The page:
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Tech Industry

Even Web not immune to pyramid schemes

A new type of "Web opportunity" may sound perfectly legitimate--but authorities are taking action against ploys that have attracted tens of thousands of participants on an international scale.

    A new type of "Web opportunity" may sound perfectly legitimate--but authorities are taking action against schemes that have attracted tens of thousands of participants on an international scale.

    Some very old business practices, when described in new-wave Internet-speak, sound convincing to people in ways that might not fly in the physical world.

    In the first six months of this year alone, authorities in the United States, Canada and Australia have shut down a dozen so-called pyramid schemes with names like Equinox International, 2Extreme and The Winner's Circle.

    These programs involved "multilevel marketing," in which early investors receive payments from funds contributed by later subscribers.

    In one case, between 40,000 and 50,000 subscribers paid fees up to $295 to Web hosting firm Professional Resources System International (PRSI).

    According to documents from a Florida court, PRSI's reach was broad. Subscribers joined from more than 80 countries and paid $12.8 million for Web sites that were never launched.

    Legitimate e-commerce providers, struggling to enroll enough customers just to break even, might wonder, "How do I get that many people to send me that much money?"

    For one thing, you should try to be very, very persuasive that your subscribers are getting in on the ground floor of a killer idea.

    Jody Collins, Florida's assistant attorney general, who prosecuted the case against PRSI, said chief executive William Caudell has years of sales experience.

    "He's reportedly a remarkable salesman," Collins said, "although he took the Fifth Amendment during our deposition, so I didn't really get to hear him talk."

    Mark Cohen, a Florida lawyer who is defending PRSI and several individuals in the case, said his clients would not speak publicly, since there is an ongoing criminal investigation. But he asserted his clients' innocence, saying, "We've disputed the allegations in the complaint." He also said the Florida court had ordered the seizure of PRSI's assets without holding a hearing.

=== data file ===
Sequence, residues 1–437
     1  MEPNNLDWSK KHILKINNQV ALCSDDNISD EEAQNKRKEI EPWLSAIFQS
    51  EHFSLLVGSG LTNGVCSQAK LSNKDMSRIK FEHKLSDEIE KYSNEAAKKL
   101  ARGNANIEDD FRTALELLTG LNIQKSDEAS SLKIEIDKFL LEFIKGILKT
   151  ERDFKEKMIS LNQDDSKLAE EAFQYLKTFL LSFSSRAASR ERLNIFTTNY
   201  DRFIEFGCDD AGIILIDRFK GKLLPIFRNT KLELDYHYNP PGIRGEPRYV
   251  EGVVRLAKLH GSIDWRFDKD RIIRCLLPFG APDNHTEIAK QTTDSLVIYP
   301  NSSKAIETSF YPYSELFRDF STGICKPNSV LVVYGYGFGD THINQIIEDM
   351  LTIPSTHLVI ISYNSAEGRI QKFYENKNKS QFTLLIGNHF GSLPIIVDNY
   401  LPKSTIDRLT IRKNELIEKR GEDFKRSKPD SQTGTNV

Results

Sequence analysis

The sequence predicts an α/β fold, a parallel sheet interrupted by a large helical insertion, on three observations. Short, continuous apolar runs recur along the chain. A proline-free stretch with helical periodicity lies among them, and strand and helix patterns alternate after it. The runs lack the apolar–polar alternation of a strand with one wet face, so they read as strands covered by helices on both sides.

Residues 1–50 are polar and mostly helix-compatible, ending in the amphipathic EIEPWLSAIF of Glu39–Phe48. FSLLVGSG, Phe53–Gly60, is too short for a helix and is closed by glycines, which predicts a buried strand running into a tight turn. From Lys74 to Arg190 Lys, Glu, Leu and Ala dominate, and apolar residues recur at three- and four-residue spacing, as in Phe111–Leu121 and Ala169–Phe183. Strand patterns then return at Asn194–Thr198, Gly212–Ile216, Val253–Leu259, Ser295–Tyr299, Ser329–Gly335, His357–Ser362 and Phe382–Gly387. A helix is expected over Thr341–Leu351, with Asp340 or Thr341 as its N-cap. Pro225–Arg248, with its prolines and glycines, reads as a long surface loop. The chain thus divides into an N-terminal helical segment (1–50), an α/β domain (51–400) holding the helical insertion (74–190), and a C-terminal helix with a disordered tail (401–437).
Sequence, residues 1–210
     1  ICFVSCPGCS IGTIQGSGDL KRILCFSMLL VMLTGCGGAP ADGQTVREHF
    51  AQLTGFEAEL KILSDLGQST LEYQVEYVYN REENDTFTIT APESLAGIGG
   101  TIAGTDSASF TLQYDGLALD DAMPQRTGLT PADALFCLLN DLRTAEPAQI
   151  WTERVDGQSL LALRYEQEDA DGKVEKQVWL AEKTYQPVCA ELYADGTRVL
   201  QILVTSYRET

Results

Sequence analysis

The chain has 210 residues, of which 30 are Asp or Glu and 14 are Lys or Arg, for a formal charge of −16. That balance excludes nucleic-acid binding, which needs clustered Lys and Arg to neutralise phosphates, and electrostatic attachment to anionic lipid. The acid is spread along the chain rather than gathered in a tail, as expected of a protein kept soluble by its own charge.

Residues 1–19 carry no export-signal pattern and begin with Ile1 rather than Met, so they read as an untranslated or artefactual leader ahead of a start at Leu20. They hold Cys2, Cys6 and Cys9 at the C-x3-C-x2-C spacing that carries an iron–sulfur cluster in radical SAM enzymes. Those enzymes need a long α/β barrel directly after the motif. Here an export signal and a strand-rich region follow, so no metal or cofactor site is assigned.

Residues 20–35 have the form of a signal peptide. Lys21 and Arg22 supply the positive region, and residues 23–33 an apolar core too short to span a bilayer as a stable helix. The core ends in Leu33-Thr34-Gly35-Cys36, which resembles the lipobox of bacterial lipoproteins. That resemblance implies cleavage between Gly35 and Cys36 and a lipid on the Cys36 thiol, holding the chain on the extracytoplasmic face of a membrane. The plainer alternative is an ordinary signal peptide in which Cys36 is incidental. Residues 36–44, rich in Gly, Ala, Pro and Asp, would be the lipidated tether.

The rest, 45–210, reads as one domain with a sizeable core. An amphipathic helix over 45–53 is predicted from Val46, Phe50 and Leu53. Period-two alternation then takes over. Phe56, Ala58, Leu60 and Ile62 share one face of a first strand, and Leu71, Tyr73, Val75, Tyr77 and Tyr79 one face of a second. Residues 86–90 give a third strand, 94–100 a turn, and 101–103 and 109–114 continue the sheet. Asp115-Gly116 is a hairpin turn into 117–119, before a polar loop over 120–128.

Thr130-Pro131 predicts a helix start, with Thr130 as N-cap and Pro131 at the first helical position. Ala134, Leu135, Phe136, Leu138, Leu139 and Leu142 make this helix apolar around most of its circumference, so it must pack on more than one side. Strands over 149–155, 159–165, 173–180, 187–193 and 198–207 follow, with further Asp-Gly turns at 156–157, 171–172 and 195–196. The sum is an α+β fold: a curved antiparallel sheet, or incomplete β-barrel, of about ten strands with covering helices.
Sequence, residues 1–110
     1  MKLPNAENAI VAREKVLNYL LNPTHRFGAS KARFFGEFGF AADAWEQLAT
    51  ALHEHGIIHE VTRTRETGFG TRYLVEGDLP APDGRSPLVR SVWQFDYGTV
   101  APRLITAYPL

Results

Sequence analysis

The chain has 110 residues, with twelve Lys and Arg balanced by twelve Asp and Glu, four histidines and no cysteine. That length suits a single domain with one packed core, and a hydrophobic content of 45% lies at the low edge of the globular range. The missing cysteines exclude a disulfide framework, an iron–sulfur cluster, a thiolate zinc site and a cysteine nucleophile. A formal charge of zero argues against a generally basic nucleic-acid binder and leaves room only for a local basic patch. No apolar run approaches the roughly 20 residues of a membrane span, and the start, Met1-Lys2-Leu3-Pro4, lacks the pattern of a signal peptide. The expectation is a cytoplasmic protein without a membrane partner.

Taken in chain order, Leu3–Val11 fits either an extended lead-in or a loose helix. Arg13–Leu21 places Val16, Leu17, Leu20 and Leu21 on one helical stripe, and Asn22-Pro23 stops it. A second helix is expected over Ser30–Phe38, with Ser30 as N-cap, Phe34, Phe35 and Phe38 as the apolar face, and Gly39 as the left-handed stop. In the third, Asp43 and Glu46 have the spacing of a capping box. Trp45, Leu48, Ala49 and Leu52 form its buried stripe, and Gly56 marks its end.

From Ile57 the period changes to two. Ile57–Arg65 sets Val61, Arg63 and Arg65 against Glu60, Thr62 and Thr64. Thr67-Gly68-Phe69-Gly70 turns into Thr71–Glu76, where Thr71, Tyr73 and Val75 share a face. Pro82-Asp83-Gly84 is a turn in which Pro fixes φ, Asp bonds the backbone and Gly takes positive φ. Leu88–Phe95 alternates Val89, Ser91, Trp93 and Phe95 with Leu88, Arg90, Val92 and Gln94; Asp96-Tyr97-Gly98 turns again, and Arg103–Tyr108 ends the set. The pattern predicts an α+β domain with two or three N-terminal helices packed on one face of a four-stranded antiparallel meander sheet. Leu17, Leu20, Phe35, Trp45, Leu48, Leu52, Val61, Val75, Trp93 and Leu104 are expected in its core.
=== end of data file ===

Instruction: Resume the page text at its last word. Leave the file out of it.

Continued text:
Collins said a hearing with witnesses was held one month after the surprise seizure, and that the court upheld its legality.

    Also, you should make sure to promise fantastic benefits to people who sign up.

    According to court documents, individuals who paid $295 to PRSI were entitled to sell sites to others. These "cyber managers" received a percentage of the revenue from "downline" sites they sold.

    After enrolling six levels of new members, PRSI's pre-launch brochure stated, cyber managers would receive $14,580 per month--enough to retire for life.

    Even better, subscribers' sites would be located on a private network called "Intranet i3x." This Web mall would prohibit erotic content, thereby attracting families who would buy products at members' sites.

    In case this wasn't enough to make you want your own Web site, PRSI promised to fund "Kids 4 Tomorrow." This foundation would "change the lives of literally hundreds of thousands of children throughout the country and the world."

    This all may sound fanciful in hindsight. But telemarketing sales calls and breathless emails made these points seem irresistible to thousands.

    "Some people who didn't even own a computer bought memberships," Collins says.

    According to statements by the attorneys general of Florida and Louisiana--which assisted in the case--there never was any e-commerce intranet.

    "The only way a few purchasers have earned any money from PRSI is by recruiting new members for their downline," said Louisiana Attorney General Richard Ieyoub.

    How can you recognize Web pyramid schemes? Collins says if less than 70 percent of a member's revenue comes from the sale of actual products, and more than 30 percent comes from others' revenue, it's probably not a legitimate business.

    As always, if something sounds too good to be true, it probably is. Remember this the next time someone says you can retire for life.

    Do you know of a problem affecting consumers? Send info to tips@BrianLivingston.com. He'll send you a book of high-tech secrets free if you're the first to submit a tip he prints.